Concept

Blackwater fever

Summary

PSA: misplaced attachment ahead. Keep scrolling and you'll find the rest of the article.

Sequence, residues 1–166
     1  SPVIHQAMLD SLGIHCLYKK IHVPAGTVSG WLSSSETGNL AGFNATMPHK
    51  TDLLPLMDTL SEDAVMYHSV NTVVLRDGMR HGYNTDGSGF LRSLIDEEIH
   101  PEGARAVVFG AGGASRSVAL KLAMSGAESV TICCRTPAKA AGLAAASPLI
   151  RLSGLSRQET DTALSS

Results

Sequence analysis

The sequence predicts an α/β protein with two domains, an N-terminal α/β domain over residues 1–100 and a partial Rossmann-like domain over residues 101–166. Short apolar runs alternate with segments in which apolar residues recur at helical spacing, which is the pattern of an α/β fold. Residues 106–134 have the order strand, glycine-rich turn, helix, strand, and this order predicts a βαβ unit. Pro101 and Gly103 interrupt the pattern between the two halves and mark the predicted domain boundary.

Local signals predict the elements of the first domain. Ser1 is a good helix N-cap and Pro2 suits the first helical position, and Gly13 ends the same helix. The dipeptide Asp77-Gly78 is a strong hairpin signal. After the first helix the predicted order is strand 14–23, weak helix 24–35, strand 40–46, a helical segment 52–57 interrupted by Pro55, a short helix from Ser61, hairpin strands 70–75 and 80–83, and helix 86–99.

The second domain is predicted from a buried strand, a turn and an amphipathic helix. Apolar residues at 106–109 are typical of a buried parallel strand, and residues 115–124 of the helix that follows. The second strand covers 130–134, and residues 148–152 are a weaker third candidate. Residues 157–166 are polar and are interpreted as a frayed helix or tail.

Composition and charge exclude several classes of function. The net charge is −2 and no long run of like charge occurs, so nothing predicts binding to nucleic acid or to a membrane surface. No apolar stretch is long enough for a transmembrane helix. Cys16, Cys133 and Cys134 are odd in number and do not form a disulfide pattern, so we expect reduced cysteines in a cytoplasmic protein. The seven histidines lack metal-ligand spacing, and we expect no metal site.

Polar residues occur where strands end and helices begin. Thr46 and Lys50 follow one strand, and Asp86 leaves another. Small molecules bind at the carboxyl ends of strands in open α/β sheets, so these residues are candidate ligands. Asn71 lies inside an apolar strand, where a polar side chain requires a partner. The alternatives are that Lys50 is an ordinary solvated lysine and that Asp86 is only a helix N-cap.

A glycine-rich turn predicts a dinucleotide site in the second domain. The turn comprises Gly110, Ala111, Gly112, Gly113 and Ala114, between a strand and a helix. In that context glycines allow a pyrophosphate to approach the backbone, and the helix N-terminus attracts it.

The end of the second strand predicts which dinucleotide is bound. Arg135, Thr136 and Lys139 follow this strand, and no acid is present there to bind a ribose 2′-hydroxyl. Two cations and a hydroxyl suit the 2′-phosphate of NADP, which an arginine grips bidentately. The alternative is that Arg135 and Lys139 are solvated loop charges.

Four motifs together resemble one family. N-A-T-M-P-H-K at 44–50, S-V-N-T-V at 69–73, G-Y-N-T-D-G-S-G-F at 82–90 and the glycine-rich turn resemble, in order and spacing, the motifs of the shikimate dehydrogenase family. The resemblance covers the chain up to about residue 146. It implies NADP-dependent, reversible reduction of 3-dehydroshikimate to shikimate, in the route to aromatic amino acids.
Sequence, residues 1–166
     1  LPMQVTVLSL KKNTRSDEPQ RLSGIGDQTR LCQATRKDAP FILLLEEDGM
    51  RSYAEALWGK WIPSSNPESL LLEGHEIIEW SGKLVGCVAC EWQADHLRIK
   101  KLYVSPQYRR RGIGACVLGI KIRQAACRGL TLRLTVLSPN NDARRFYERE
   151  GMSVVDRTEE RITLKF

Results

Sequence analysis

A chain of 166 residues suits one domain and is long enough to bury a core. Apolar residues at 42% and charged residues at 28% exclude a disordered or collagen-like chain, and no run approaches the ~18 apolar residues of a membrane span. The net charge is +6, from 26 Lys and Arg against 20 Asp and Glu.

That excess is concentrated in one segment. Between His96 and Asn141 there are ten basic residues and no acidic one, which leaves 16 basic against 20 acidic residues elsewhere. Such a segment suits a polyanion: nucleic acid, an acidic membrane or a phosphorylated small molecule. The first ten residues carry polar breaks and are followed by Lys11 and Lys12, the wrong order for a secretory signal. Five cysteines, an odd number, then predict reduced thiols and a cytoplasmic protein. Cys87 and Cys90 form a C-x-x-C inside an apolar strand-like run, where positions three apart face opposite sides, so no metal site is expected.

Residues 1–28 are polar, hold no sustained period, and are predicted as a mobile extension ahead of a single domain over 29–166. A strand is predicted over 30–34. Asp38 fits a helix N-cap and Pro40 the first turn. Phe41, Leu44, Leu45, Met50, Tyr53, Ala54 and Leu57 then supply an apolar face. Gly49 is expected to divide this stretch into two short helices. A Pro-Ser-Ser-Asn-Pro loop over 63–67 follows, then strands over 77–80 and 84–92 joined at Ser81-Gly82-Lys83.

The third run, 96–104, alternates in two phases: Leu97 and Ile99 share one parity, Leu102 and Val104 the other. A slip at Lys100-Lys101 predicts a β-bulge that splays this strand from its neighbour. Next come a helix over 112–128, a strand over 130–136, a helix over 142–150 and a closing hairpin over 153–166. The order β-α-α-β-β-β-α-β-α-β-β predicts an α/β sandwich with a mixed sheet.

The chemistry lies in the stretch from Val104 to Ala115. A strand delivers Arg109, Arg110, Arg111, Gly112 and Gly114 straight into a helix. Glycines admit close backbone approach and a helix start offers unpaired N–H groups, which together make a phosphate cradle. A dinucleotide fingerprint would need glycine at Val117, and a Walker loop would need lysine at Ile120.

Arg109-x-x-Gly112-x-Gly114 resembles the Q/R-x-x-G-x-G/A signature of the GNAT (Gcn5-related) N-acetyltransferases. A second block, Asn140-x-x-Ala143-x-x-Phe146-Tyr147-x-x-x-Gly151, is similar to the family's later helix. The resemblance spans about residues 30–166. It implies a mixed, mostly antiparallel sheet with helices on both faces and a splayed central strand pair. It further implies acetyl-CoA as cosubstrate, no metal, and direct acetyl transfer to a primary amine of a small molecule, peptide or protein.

Blackwater fever is a complication of malaria infection in which red blood cells burst in the bloodstream (hemolysis), releasing hemoglobin directly into the blood vessels and into the urine, frequently leading to kidney failure. The disease was first linked to malaria by the Sierra Leone Creole physician John Farrell Easmon in his 1884 pamphlet entitled The Nature and Treatment of Blackwater Fever. Easmon coined the name "blackwater fever" and was the first to successfully treat such cases following the publication of his pamphlet. Signs and symptoms Within a few days of onset there are chills, with rigor, high fever, jaundice, vomiting, rapidly progressive anemia, and dark red or black urine. Causes The cause of hemolytic crises in this disease is unknown (mainly due to intravascular haemolysis). There is rapid and massive destruction of red blood cells resulting in hemoglobinemia (hemoglobin in the blood, but outside the red blood cells), hemoglobinuria (hemoglo
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